[ 336 Pa. Super. Page 584]
Reverse and remand for a new trial. We relinquish jurisdiction.
McEWEN, Judge, dissenting:
I agree with the conclusions of the majority, first, that the evidence of the intoxication of appellant was properly admitted and was not prejudicial and, second, that the trial court properly allowed the introduction of evidence upon the issue of the intoxication of appellant, including the blood alcohol level of appellant. I am not, however, convinced that the "presumption" of 75 P.S. § 1547(d)(3) should not be applied in a civil case. It is, nonetheless, unnecessary to analyze and address my hesitation to accept this conclusion of the majority for the reason that even if, arguendo, the trial court erred in its charge to the jury that the presumption of § 1547(d)(3) was applicable to the pedestrians referred to in 75 Pa.C.S. § 3550, the error was, in my opinion, harmless.
The author of the majority opinion has in his usual fashion provided a careful analysis as well as a most persuasive expression of view for holding that a new trial is necessary. Since, however, the jury returned a specific finding that the defendant driver was not negligent, surely, as the distinguished trial judge declared, the error found by the majority in but a quite limited portion of the charge is harmless. Moreover, I am convinced that however favorably to the plaintiff or unfavorably to the defendant the trial judge may be forced to alter his charge, ninety-nine out of one hundred juries would render a verdict against this plaintiff.
Since we are, of course, precluded from reliance upon such instinct or odds, but are obliged to attempt an erudite articulation of position, I will simply reiterate the rationale for upholding jury verdicts that I earlier expressed in a dissenting opinion in Saylor v. Rose, 319 Pa. Super. 560, 568-569, 466 A.2d 686, 690-1 (1983):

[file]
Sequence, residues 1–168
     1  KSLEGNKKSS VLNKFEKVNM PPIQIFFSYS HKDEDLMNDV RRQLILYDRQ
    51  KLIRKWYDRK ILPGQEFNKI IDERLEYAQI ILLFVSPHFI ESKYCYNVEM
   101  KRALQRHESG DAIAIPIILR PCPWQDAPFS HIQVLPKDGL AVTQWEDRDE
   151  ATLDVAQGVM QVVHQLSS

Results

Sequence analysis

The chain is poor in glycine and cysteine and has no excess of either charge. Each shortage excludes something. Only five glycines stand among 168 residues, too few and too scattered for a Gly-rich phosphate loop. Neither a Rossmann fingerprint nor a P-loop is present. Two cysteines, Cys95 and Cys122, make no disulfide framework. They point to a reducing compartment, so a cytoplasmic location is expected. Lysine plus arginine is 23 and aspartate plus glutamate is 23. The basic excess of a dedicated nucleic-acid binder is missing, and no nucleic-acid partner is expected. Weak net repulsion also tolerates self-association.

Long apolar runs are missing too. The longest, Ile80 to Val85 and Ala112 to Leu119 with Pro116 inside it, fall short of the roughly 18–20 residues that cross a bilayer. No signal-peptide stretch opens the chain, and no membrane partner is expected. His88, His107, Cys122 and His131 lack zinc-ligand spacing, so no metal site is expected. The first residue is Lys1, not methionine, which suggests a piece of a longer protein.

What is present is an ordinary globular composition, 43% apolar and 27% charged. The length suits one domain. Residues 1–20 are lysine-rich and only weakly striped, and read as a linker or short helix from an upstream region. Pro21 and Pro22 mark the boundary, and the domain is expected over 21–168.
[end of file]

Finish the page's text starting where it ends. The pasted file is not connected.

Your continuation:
[ 336 Pa. Super. Page 585]
The right to a trial by a jury is zealously guarded because the benefits of a trial by jury are not simply theoretical but have through the centuries proven so real as to become self-evident. As a result, our trust in the value of the jury verdict in resolving the type of factual issue here presented -- as distinguished from a verdict upon a complex question of medical or product liability -- should be near absolute. The founders concluded that a band of the citizenry -- peers, says the Magna Carta -- is naturally suited to the task of resolving factual disputes, whether the difference in testimony be innocent or influenced by personal interest; in addition, of course, it is an obvious and certain fact that the court room cause -- whether it be of an accused or of a litigant -- is, if not prudently never left to the sovereign, always more wisely entrusted to the people than to the government of any of its branches.
Once we acknowledge that the value of the jury system is not mere premise but fact, it naturally follows that the verdict of a jury should be considered to be controlling and final. While it is undisputed that a safety valve is necessary and that a trial judge should be able to reject a verdict, that safety valve should be triggered only when there is a gross disparity between the verdict and the evidence or there has been gross and harmful error. Neither of those tests are here met.
The fundamental purpose of the instructions by a court is to express to the jury in general, survey fashion a basic outline of the applicable principles of law so that the jury might have the benefit of certain essential rules as the members assort the testimony, reflect upon the evidence and assemble a verdict . . . . If the charge of the court is to achieve the goal of assisting the jury and is not to be considered as a credit balance available for redemption in the event of an adverse verdict, then a verdict should be final, absent a gross shortcoming in the trial -- specifically, as earlier noted, unless there is a gross disparity
[ 336 Pa. Super. Page 586]
between the verdict and the evidence or there has been gross and harmful error.
It cannot reasonably be asserted that there is here a gross disparity between the verdict and the evidence and, for my part, there has been neither gross nor harmful error. Therefore, the verdict should stand.